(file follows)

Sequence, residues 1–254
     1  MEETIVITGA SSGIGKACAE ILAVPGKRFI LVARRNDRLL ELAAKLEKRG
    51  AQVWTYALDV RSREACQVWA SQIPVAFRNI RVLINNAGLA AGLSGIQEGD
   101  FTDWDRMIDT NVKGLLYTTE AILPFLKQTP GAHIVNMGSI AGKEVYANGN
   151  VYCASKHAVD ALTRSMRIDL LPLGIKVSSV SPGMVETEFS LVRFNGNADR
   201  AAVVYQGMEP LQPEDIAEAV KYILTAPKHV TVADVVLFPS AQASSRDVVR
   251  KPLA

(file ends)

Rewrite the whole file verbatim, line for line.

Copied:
Sequence, residues 1–254
     1  MEETIVITGA SSGIGKACAE ILAVPGKRFI LVARRNDRLL ELAAKLEKRG
    51  AQVWTYALDV RSREACQVWA SQIPVAFRNI RVLINNAGLA AGLSGIQEGD
   101  FTDWDRMIDT NVKGLLYTTE AILPFLKQTP GAHIVNMGSI AGKEVYANGN
   151  VYCASKHAVD ALTRSMRIDL LPLGIKVSSV SPGMVETEFS LVRFNGNADR
   201  AAVVYQGMEP LQPEDIAEAV KYILTAPKHV TVADVVLFPS AQASSRDVVR
   251  KPLA